A Valuable Music Server
S10 Review - Hifi Advice
Music Playback and Storage Solution
The CD player aside and concentrating on the streamers at hand, I had a hard time choosing between the Aurender-USB-PWD MKII combo and the Meridian Sooloos combo. The former is more lively and more dynamic, with real slam, power and excitement. It sounds much like a Wadia and it is a familiar sound, one that I like a lot. The latter is more forgiving in nature. Treble is smoother and more gentle, midrange is richer and less shouty and the bass a little thinner, but more nimble and agile. Lastly, the latter combo manages to create an even bigger, more intimate soundfield. I can understand how one well-known English hifi magazine came to the conclusion that Meridian Sooloos sounded slightly rounded or soft. But the same is true of my Levinsons and many other CD players. With many CD's, having a forgiving CD player is no bad thing. Nevertheless, there is a lot to say for the Aurender sounding more accurate. But I'm not hearing any more detail with the Aurender than with the Meridians. It's more about Meridian being more continuous versus the Aurender being more start-stop.
Choosing an overall winner is difficult. Although I am biased towards the Meridian because of its gentle, full, fluid, always-engaging sound, I also enjoyed the heck out of the Aurender-PWD MKII combo. If money was no object then I'd probably keep the Aurender around as an alternative to the Sooloos combo. It seems silly to combine the 6000 euro Aurender with the 5200 euro PWD MKII and not even use the latter's streaming capabilities. But together this is still less than the Meridian combo costs, and it adds so much flexibility that I could almost recommend them as natural partners. Don't forget that the Aurender offers tremendously user-friendly operation, rivalling Sooloos and bettering it in a couple of aspects. This is something that cannot be achieved with a home-made server, not to mention that it probably wouldn't sound as good either.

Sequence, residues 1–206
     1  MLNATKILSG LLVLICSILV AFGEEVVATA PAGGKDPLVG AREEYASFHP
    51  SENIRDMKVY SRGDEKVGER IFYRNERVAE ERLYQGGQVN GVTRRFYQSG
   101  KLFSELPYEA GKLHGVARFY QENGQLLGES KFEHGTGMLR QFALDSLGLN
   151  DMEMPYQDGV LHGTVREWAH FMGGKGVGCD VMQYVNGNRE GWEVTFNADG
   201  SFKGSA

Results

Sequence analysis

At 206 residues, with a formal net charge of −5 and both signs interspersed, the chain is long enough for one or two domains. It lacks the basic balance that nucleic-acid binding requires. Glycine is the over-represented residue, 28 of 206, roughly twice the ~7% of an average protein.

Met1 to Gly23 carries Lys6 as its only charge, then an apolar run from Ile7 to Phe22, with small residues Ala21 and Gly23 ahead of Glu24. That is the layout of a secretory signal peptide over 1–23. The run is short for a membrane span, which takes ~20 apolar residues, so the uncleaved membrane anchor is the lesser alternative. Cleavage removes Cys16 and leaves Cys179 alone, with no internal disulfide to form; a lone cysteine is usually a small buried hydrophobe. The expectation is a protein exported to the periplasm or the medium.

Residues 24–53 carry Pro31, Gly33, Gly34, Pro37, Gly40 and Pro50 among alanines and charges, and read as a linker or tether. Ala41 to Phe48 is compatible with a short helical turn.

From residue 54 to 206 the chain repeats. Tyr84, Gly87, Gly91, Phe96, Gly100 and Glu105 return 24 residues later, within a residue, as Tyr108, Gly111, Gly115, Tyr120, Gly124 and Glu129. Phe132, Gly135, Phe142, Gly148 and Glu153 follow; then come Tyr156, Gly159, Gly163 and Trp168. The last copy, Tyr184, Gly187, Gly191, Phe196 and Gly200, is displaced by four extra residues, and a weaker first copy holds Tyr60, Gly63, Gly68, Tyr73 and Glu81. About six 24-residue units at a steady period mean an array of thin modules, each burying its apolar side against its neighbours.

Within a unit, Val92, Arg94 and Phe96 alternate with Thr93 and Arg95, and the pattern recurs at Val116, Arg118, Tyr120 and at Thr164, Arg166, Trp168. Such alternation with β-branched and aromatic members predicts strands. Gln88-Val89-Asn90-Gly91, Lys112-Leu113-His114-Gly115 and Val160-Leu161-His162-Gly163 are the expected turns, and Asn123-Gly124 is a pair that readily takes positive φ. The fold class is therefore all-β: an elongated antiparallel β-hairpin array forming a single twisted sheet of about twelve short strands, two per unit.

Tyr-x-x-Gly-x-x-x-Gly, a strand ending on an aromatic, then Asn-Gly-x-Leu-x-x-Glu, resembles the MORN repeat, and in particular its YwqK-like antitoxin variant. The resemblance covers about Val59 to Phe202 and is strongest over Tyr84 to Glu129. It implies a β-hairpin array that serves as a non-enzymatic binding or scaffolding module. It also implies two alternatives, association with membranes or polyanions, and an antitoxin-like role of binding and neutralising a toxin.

But I'm sure that there will be other USB DACs that are a good match. The Ayre QB9 for example would likely make for a superbly detailed and open sound. But there are so many USB DACs around and you're bound to find a really good one at under 2500-3000 euro. If you manage to find one that sounds as good as the PWD MKII, then you have a winning combination that challenges the best that Sooloos has to offer for considerably less money.
Now, considering that spdif always seems to take its toll, I'd advocate trying to avoid it if you can and use USB instead, as long as the DAC has a good SUB implementation. This makes me think... if only the Aurender was available in a USB-only version, without the presumably expensive soundcard, and 1000 euro off, then it would be even more irresistible! Hang on - something similar already exists, in the shape of the Aurender A10. It has similar specs but no oven-controlled clock. I'd be curious to find out if it performs just as well as the S10 with USB. For now, the S10 is the best integrated server that I have come across.